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Regina Adams

Adams aims to bring justice, understanding to court bench

Regina Adams
Regina Adams



Regina Adams did what a lot of leaders in this valley say they would like smart, talented, and driven native residents to do in their lives and careers. After she was raised in Merced and attended local schools, she left for college (and in her case, law school too), and then returned home to practice in her field of expertise.

It’s the kind of career path for locals that can help stop the brain drain to larger, more affluent areas, and perhaps improve the quality of life for disadvantaged rural communities.

Today, the 38-year-old Adams serves Merced and Madera counties as a contract public defender. She provides legal services to indigent defendants in criminal proceedings as well as minors in delinquency proceedings.

“I love being able to serve members of the community,” she says. “I am in a unique position to help people in creative ways. I love that I have access to resources that can help change people’s lives.”

Adams expresses her thoughts and ideas with the experience and vision of someone who has a deep understanding of this region and its unique challenges.

“I would like to change our juvenile delinquency system to provide more resources for minors that aren’t readily available at this time, such as substance abuse treatment programs,” she says. “I’d also like to see more early intervention to prevent minors from entering the system.”

Adams’ career trajectory has also added to diversity in the local halls of justice. She’s pretty much the only local black attorney “running around the courthouse,” she will say. There might be a few others who come from out of town, maybe the Bay Area.

However, if Adams’ next career goal is accomplished, she would be the only woman of color presiding over a courtroom as a judge in Merced County.

Yes, Adams is running for an open judicial seat in this region’s Superior Court. She is facing two other candidates, Monika Saini-Donabed (another local woman of color seeking change), and Carlos Dammeier, a state administrative law judge for an appeals board. They will all be on the ballot for the March 5 Primary election. If no candidate gets 50 percent plus 1 of the entire vote tally, the top two vote-getters will head to a runoff in the November Presidential Election.

“Many of my colleagues encouraged me to run,” she says. “When I entered the race, it was an empty seat with one person [Saini-Donabed] running. I believe in democracy and that our community should have a choice when it comes to this open seat.”

Adams says her goals as a judge would be:

  • To uphold the law
  • To ensure that justice is carried out
  • To bring a different perspective to the bench
  • To help our bench reflect our community and its values

The candidate points to her experience in social security/disability law, dependency, delinquency, probate guardianships and conservatorships, adoptions, and criminal defense. She has also engaged in some appellate practice.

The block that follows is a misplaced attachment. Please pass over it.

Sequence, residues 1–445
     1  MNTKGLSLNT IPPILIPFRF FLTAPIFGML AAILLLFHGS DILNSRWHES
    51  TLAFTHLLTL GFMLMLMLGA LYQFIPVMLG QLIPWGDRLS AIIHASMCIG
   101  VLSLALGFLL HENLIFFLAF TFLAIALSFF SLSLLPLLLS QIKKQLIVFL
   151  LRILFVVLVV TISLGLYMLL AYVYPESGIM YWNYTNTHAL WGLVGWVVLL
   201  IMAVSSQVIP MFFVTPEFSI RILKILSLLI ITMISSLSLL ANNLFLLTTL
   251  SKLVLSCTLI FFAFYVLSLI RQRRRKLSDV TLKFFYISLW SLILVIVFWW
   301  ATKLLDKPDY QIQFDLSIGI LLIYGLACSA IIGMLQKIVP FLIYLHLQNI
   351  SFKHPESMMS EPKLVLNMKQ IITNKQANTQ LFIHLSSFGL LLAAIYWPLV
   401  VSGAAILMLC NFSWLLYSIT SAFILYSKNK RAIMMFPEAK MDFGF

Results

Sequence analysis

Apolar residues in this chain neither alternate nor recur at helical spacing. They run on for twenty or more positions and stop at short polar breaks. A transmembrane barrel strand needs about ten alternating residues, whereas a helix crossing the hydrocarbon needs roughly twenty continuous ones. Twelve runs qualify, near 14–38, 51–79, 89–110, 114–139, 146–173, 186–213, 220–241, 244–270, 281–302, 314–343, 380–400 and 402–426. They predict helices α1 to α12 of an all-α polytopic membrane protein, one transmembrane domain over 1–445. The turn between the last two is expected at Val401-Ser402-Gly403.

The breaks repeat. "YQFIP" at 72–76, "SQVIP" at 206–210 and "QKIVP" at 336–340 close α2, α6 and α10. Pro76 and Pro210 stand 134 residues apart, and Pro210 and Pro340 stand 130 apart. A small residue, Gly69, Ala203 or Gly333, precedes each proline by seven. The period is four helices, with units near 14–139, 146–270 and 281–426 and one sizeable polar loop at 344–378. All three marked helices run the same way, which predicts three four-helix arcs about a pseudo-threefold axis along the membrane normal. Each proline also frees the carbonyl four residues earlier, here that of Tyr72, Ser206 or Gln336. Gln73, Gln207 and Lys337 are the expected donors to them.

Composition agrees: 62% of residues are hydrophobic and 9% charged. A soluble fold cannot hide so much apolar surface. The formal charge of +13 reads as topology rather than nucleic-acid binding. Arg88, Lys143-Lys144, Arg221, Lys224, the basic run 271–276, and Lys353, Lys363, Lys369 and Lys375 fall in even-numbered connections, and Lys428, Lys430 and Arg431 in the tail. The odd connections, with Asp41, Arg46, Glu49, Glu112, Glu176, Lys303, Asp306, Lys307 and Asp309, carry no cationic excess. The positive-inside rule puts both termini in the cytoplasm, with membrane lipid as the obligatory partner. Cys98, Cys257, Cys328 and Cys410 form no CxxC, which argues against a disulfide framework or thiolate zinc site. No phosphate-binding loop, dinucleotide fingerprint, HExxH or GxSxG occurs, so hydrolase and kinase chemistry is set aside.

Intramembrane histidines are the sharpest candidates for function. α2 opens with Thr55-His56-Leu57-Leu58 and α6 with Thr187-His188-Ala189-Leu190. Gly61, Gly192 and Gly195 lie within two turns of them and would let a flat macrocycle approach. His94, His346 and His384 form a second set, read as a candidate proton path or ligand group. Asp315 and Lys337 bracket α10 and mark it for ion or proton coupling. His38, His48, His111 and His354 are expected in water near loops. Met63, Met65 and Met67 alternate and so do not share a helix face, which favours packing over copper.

Raised in Merced

Adams says she had a wonderful upbringing by two of the “hardest working people.”

“My parents instilled discipline in me to reach my goals,” she says. “I grew up playing sports (volleyball, basketball, and softball). I played softball at the collegiate level during my first year, and then I left the game to focus on my studies.”

Adams was an undergraduate at the University of California, San Diego, and she later earned a degree from the New England School of Law in Boston.

The candidate says her upbringing has shaped her unique perspective.

“I am biracial,” she explains. “My mother is white and my father is black. I believe that this contributes to my understanding of different cultures in a unique way.”

Her parents have owned their own business (All Pro Janitorial Systems) for more than 30 years. “I have watched them work hard for many years,” she says. “They never gave up even when times were tough. They were always persistent.”

Sports and volunteering was also important in the Adams family. “My dad (who was born and raised in Merced) has always given back to his community through coaching baseball. I grew up in his dugout. I kept the scorebook every summer and traveled with his team when I didn’t have my own tournaments. This part of my upbringing instilled in me that you should give back to your community.”

In this regard, upon her return to the region after law school, Adams became a founding member of the Merced County Unity Bar, and served as its vice president. This group of local attorneys share the common goal of promoting unity, diversity, equity, and inclusion.

“I have mentored UC Merced students as well as Merced College students who wish to pursue a career in law,” she says.

Message to voters

Adams says she would like Merced County voters to know that:

  • “I am passionate about my work, the community, and bringing a new perspective to our bench. I believe in integrity and honesty. I am not beholden to anyone. I will fair and impartial. I will uphold the laws of the state of California and the constitution of the state of California and the United States.
  • “I believe in the rule of law and accountability.
  • “I also believe in investing in our community and that justice takes many forms.
  • “I hope to earn the trust of our community and that they will give me the opportunity to serve them in a new capacity.”
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